Scientific Proof of the Virgin Birth

[Note: This post deals with the how and the why more so than the that. In the philosophical section, I sought to address the why and move into the how. With the beginning of St. Thomas Aquinas and Aristotle, I intended to touch on how the Holy Spirit might have served in place of the male sperm as an “agent” that brought instructions and form to the genetic material already within the Blessed Mother’s body. I only sought to “prove” (or, rather, sketch out proofs) that this could have happened.]

With the Virgin Birth, you actually have more evidence that it is true rather than untrue.

We have great historical testimony to it, and there is no proof that it did not happen — obviously. But there is more.

How can it be proven by science? Well, I suppose this depends on your definition of “science”. If you refer to that of the exact (quantitative), of course, it could be difficult. But theology, “the highest form of philosophy”, does have an answer. And, just as you trust astronomers to tell you about many things beyond earth, you should trust the Church to tell you about God.

Before I can get into that, you must consider something: how did you come into being, and why do you exist? You cannot know much else aside from that you were ordained for some purpose. If you were not around, things would be different, the environment would be changed — perhaps, this would not just cause some sort of “gap”, but it would be destructive, even. You are necessary, to us and to the “Something” (God) from which you spring.

Let us say that the Virgin Birth, too, was necessary for things to properly function. It was ordained from the beginning, as God knew that He would come to reach out to the lost tribes of the house of Israel (Gentiles). The Incarnation, Crucifixion, and Resurrection were necessary for God’s “re”-marriage, this time to the Church, His Bride. (This connects to the Church’s teachings on the indissolubility of marriage.) The destroyed Temple and Jewish sacrificial method had to be replaced with a new, universal and eternal system. “No one puts new wine into old wineskins; otherwise the wine will burst the skins, and the wine is lost and the skins as well; but one puts new wine into fresh wineskins” (Mark 2:22). If something is truly necessary to proper existence, it comes into being.

Why has this Birth not been replicated, though? It was only needed once, just like you are only needed once. Likewise, there has to be a mystery to it, as there is mystery to you. Uniqueness and mystery pervade.

But St. Thomas Aquinas pointed out, also, “According to the Philosopher [Aristotle] (De Gener. Animal. i, ii, iv), in conception the seed of the male is not by way of matter, but by way of agent: and the female alone supplies the matter. Wherefore though the seed of the male was lacking in Christ’s conception, it does not follow that due matter was lacking.” (Summa Theologiae, TP, Q. 28, A. 1, R. to Ob. 5)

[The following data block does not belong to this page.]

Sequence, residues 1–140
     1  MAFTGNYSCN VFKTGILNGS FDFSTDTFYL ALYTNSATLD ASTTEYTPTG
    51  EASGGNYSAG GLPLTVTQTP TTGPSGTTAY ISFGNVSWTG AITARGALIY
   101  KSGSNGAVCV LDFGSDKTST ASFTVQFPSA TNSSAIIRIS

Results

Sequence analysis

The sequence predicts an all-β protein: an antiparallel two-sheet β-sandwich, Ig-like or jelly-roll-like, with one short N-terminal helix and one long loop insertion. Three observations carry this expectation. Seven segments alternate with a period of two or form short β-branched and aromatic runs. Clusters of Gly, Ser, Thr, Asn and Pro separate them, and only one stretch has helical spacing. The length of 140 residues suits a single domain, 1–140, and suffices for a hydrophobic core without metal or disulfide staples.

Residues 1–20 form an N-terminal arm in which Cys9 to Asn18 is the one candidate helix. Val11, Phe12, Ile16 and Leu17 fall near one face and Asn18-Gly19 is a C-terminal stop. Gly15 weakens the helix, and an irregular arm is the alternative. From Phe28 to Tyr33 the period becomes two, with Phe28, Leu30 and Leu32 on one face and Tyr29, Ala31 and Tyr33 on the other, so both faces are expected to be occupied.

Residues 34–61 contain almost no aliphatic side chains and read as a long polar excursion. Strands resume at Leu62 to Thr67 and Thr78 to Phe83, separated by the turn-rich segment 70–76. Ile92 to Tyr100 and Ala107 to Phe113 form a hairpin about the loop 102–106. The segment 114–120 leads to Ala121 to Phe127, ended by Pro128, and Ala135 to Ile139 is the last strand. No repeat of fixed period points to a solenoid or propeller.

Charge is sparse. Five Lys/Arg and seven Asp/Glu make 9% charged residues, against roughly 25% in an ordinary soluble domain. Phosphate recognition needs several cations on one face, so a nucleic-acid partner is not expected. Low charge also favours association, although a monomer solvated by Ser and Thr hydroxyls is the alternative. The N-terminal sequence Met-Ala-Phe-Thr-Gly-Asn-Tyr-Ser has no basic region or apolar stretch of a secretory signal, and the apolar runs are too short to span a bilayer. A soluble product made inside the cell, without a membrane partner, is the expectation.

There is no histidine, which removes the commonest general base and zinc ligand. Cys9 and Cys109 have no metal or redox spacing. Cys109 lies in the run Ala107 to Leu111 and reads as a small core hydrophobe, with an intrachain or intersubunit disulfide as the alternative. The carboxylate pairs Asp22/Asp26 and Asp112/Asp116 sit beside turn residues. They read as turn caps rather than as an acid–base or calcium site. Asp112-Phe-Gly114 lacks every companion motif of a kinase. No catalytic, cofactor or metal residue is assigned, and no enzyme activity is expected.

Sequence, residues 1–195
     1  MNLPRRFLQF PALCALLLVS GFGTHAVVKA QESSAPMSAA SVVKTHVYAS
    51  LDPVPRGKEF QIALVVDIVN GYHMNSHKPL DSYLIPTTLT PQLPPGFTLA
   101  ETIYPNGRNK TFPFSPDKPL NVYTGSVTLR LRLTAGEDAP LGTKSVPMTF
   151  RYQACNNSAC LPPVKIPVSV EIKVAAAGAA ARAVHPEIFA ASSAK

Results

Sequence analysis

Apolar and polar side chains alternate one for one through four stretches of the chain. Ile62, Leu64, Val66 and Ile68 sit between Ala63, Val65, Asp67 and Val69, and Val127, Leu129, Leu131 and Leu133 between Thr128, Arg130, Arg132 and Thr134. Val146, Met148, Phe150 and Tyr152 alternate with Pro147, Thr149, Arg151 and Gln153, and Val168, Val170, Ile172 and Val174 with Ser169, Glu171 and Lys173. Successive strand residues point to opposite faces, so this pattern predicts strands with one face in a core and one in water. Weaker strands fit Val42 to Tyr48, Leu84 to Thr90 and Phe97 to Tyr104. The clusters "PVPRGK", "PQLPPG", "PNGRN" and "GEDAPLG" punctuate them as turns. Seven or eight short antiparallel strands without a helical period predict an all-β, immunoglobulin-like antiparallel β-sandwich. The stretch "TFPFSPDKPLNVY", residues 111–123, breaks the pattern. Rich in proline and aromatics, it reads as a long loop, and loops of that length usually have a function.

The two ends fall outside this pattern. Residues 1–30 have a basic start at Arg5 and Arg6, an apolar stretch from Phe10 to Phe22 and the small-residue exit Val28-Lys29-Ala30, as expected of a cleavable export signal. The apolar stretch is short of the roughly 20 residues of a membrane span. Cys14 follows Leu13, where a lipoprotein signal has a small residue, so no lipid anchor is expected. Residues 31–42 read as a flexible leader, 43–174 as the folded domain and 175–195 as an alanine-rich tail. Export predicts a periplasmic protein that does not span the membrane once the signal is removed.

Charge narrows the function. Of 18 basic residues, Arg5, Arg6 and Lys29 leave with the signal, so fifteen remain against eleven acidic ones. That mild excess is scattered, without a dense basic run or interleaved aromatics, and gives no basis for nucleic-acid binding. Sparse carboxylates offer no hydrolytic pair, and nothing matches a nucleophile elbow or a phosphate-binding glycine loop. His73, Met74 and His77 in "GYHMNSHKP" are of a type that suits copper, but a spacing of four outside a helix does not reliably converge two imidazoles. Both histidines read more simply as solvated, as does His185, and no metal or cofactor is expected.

That point is key. Mitochondrial DNA, for example, come exclusively from the mother, and there is also talk of “female sperm“. “Female sperm” could, theoretically, develop within a woman, given the right impetus. (Of course, the impetus for normal procreation is male sperm.) The point is, the material necessary for life sufficiently exists within women — that is evidenced by the fact that the X-chromosome contains far more genetic material than the Y-chromosome. All the material needs is the masculine influence to trigger it, to give it form and shape. Even without the Y-chromosome from a man, one could still be a “XX male“, at least. And it is clear that the distinctions and origins of the Y-chromosome are a mystery, anyway [1, 2]. In Mary’s exceptional case, this trigger was the Holy Spirit, which poured out abundantly on her and directed her body on what to do (Luke 1:30-35). “…[T]he Divine power, which is infinite, can transmute all matter to any form whatsoever” (Aquinas). This mutation can be rationally explained — “random mutations” occur frequently.

Is it not ironic that we have confirmed this by reckless science, which has sought to artificially create “test-tube babies” [1, 2] and introduce “transgenderism”? God has drawn straight with our crooked lines, yet again.

Christ’s body was not tangled to any imperfect man. This connects to scientific proof of Mary’s perfection, too. It has been shown that groups of cells from infants transfer to mothers’ brains [1, 2], after traveling through the placenta. Because of this, the Blessed Mother must have been perfect, for she literally had, in purity, the mind of Christ.

Why else must the Theotokos be a virgin? St. Augustine of Hippo wrote, “For it behooved that our Head, on account of a notable miracle, should be born after the flesh of a virgin, that He might thereby signify that His members would be born after the Spirit, of the Church a virgin…” (Of Holy Virginity)


The Crowned Salus Populi Romani


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About Matthew Olson

Matthew Olson is a student in the Diocese of Little Rock.

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